Perhaps an individual faces white-collar criminal charges because of allegations that they misappropriated resources or misled investors. What investigators find on their company computer might play a major role in the against them. Perhaps an individual stands accused of an offense involving the websites they accessed or the files that they downloaded using their home computer.
There are many times when an individual’s electronic devices could contain the vast majority of the state’s evidence related to criminal allegations. Frequently, those who have been accused of a crime involving digital evidence feel like they have no choice but to plead guilty due to the weight of evidence against them. However, a digital paper trail isn’t irrefutable proof that someone broke the law.
There are many ways of defending against criminal allegations supported by some kind of digital evidence. These are some of the more common means that people use to raise questions about the validity of electronic evidence.
They show that a network wasn’t secure
When someone faces allegations of computer crimes such as downloading illicit or copyrighted materials, prosecutors may not ever locate the illegal or inappropriate files themselves but will instead have an IP address showing that someone used a specific router to access the internet to upload or download questionable materials online.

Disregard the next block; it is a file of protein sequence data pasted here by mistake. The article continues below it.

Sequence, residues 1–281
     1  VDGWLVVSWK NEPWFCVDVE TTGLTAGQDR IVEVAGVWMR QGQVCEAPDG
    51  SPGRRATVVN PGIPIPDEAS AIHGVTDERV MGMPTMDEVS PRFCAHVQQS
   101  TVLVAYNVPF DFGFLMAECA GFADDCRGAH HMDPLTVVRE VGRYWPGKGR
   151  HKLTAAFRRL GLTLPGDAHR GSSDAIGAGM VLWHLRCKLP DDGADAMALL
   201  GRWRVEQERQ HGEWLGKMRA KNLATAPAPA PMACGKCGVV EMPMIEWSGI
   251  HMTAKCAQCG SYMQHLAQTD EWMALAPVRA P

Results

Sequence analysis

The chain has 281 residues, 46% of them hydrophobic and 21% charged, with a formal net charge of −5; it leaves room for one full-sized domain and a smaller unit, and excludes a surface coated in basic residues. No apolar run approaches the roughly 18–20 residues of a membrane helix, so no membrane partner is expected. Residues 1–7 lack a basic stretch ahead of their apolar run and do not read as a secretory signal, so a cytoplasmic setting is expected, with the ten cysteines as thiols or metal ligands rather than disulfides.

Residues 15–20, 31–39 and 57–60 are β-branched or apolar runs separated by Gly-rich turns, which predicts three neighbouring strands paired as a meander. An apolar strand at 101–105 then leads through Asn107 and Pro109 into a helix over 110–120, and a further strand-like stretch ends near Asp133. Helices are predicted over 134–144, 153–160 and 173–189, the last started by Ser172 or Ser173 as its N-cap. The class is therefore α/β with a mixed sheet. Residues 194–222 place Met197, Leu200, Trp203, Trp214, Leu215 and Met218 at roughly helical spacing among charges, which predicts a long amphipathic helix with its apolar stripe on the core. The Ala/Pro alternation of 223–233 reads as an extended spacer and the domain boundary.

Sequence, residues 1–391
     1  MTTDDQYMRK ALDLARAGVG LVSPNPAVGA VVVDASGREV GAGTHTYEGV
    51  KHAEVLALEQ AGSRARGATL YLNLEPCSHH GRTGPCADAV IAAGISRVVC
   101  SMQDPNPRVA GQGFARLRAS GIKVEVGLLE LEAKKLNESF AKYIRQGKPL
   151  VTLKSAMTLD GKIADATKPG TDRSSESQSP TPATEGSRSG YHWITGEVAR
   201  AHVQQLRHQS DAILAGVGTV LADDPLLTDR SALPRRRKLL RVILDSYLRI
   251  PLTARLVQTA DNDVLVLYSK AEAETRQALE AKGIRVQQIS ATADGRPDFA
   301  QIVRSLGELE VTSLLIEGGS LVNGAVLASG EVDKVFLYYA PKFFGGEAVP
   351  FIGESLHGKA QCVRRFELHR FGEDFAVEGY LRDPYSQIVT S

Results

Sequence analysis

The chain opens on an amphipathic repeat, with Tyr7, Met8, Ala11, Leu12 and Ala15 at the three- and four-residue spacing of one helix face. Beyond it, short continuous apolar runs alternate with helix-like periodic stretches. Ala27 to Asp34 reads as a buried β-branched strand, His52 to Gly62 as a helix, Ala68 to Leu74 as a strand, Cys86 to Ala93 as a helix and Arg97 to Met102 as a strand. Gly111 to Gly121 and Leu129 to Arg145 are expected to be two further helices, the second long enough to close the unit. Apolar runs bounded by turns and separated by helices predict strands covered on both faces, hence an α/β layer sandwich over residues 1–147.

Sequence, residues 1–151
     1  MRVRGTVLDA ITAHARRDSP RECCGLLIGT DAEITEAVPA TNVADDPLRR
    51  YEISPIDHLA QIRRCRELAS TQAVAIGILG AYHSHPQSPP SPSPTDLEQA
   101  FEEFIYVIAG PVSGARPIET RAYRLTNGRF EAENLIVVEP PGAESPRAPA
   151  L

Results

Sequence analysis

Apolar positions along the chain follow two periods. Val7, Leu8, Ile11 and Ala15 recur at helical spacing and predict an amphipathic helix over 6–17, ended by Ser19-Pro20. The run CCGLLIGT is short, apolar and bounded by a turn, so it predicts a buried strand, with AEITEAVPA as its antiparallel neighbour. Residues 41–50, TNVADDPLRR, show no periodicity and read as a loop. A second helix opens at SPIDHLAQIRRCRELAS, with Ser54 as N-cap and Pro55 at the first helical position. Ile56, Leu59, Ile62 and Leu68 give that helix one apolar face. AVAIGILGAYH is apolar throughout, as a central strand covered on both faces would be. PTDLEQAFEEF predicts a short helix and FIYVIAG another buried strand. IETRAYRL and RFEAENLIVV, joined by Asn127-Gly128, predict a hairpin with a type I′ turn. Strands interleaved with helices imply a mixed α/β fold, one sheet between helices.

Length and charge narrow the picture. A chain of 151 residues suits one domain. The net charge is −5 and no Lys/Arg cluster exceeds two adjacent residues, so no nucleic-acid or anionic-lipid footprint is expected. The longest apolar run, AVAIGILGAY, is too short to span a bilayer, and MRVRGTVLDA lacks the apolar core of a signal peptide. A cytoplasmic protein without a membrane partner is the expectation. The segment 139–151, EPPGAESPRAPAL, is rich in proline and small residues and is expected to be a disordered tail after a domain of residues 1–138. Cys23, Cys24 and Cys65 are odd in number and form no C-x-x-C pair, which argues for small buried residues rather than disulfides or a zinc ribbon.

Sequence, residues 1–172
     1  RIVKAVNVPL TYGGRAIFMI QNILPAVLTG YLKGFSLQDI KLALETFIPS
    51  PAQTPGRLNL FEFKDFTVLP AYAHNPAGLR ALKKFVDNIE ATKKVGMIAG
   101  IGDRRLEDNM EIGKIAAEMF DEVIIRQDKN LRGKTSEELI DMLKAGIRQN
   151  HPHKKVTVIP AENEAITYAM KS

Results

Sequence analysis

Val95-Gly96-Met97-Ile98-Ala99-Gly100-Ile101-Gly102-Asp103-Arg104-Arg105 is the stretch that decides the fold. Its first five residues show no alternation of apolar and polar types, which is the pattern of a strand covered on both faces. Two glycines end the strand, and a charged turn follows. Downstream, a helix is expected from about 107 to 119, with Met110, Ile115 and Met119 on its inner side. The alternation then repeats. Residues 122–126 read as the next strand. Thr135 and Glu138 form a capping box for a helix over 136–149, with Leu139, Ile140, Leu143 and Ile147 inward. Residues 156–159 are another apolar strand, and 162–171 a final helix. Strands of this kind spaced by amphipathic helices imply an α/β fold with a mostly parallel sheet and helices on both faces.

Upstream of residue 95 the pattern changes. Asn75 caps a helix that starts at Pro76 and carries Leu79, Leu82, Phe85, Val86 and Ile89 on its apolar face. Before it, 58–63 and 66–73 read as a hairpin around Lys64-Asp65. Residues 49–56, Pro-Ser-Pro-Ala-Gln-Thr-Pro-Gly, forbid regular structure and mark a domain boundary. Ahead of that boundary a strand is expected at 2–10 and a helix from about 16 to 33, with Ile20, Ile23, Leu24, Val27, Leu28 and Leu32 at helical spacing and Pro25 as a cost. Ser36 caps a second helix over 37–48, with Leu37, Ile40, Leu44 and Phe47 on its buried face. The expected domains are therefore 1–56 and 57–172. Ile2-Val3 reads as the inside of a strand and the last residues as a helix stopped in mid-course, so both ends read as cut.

Many people don’t even know that their neighbors or unscrupulous strangers have stolen their wi-fi until after there are issues. Even password-protected networks are vulnerable to attack by those trying to cover their digital footprints. People could potentially raise questions about whether the use of a network actually proves that the person who pays for the service committed the crime.
They raise questions about device security
Office computers and home devices alike are often accessible to more than one person. People may not have any sort of password protection on their individual devices, making it very easy for coworkers or roommates to do something nefarious that makes them look like a criminal. Those doing work on a used device could very easily end up accused of misconduct because of something another person did on the device before they ever purchased it or without their knowledge.
Even when it seems like the state has an insurmountable stack of electronic evidence, it may still be possible for someone to fight back successfully in criminal court with the assistance of a legal professional. Raising questions about the accuracy or validity of the evidence presented by the state is often the key component of a defendant’s criminal defense strategy as a result.